The results indicate that public investments in rural areas and public policies that facilitate access to productive resources are likely to enhance productive employment. The overall effect size is positive and significant, ranging from 2% to 10% increases in productive employment. Sources of variation include the sector of activity and the policy instrument. In addition, the policy effects are gender-sensitive and seem more consistent in the non-farm sector.

Research limitations/implications

Although the selected working papers addressed several aspects of productive employment, other aspects warrant further investigation. Policies involving restrictions or regulations have received little attention in the impact analysis. Researches to fill this gap would be important. Another suggestion for further research is the analysis of the relative importance of non-farm employment in rural areas in developing countries. It is always assumed that rural households depend heavily on agriculture for their subsistence.

Originality/value

The contribution of the paper lies in the comparative analysis of numerous public policies implemented in nine distinct countries. By consolidating data from fourteen 14 different experiences into a single study, the paper offers valuable insights on factors that determine policy effectiveness and contribute to understanding what worked for whom and why.

Details

Journal of Agribusiness in Developing and Emerging Economies, vol. 14 no. 1
Type: Research Article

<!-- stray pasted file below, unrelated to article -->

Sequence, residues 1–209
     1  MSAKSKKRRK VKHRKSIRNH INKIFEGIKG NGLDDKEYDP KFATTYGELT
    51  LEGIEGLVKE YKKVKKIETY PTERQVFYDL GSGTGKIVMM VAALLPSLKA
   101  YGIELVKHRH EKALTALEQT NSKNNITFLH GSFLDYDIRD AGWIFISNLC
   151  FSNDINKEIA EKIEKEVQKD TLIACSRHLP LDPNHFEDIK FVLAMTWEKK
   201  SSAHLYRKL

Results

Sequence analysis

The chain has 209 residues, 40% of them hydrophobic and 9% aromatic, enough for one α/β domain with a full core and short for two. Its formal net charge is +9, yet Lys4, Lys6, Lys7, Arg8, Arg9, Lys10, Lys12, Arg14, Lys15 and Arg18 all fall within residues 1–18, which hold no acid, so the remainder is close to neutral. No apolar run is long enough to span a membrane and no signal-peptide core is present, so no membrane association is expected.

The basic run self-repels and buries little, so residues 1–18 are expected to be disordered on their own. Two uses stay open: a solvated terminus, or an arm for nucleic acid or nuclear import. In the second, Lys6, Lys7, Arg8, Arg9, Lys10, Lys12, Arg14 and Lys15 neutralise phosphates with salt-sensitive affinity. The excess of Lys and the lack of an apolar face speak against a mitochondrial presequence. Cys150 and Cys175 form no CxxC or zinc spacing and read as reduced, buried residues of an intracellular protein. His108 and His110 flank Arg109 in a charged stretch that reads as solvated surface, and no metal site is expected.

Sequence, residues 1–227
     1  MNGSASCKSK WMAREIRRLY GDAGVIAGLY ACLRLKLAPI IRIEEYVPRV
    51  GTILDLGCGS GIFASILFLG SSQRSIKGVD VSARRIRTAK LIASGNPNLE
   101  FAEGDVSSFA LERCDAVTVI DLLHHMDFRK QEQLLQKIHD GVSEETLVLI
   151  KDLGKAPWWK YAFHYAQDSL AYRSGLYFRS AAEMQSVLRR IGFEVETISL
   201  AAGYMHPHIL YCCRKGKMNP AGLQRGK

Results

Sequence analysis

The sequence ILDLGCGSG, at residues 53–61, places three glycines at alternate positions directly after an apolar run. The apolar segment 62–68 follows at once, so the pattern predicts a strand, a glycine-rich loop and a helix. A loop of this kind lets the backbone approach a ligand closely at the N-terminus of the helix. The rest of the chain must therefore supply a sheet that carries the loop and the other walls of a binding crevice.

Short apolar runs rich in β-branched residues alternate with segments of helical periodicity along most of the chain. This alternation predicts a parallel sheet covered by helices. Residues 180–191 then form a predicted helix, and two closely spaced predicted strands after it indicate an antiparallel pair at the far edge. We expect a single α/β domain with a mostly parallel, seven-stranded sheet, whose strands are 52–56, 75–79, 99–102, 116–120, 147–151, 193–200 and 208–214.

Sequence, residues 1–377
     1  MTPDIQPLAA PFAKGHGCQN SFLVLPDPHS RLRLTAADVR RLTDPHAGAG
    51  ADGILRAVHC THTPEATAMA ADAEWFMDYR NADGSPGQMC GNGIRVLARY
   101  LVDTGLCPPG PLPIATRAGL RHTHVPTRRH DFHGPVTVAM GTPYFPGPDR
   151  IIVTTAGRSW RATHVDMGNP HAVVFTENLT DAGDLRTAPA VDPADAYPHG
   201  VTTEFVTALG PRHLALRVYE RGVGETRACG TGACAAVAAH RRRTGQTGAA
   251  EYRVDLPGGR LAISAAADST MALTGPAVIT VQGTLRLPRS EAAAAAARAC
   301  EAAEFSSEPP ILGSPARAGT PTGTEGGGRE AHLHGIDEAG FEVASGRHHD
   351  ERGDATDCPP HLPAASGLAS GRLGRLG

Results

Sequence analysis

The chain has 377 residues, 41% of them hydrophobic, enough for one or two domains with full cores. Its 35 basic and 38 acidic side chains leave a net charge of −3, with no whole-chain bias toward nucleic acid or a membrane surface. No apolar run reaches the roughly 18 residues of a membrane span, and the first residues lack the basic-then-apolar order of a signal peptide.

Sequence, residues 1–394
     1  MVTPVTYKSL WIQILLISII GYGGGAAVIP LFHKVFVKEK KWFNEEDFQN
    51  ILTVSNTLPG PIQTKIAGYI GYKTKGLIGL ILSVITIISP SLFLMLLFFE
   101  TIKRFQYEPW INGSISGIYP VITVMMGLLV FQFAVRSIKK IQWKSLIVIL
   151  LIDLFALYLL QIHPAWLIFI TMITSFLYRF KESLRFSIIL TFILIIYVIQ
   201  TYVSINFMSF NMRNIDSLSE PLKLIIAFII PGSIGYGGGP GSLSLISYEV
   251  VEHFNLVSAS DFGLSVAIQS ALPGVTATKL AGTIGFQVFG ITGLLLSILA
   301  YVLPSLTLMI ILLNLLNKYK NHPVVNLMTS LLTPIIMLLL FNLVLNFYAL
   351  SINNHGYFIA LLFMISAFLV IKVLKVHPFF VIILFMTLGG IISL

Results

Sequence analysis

ISSN: 2044-0839

Keywords

Open Access
Article
Publication date: 29 December 2022

Kunio Shirahada and Alan Wilson

Given the importance of senior volunteers in an ageing society, this study aims to deepen the understanding of how seniors create well-being by volunteering as service providers…

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Abstract

Purpose

Given the importance of senior volunteers in an ageing society, this study aims to deepen the understanding of how seniors create well-being by volunteering as service providers in terms of motivations for volunteer participation and value co-creation/co-destruction in service provision.

Design/methodology/approach

Focussing on senior volunteers acting as service providers in the tourism sector, this study conducted a programme of qualitative research with 15 senior volunteer tour guides in Japan and the UK through the purposive sampling method. The data were analysed by the Gioia method to identify data structure and create a conceptual model.

Findings

Seniors start with a mixture of different motivations, not only symbolic and health ones. However, after a certain period of training, they become more aware of their volunteer role as service providers and may strive to maximise the benefits to their clients. The overall performance of such a role supports their well-being. They may also experience episodes of value co-destruction; such negative experiences may be overcome by building good relationships with their colleagues in the organisation.

Practical implications

The paper identifies organisational support ideas for senior service provider volunteers aimed at overcoming negative experiences and achieving well-being, in terms of training and improved communication between organisation members.

Originality/value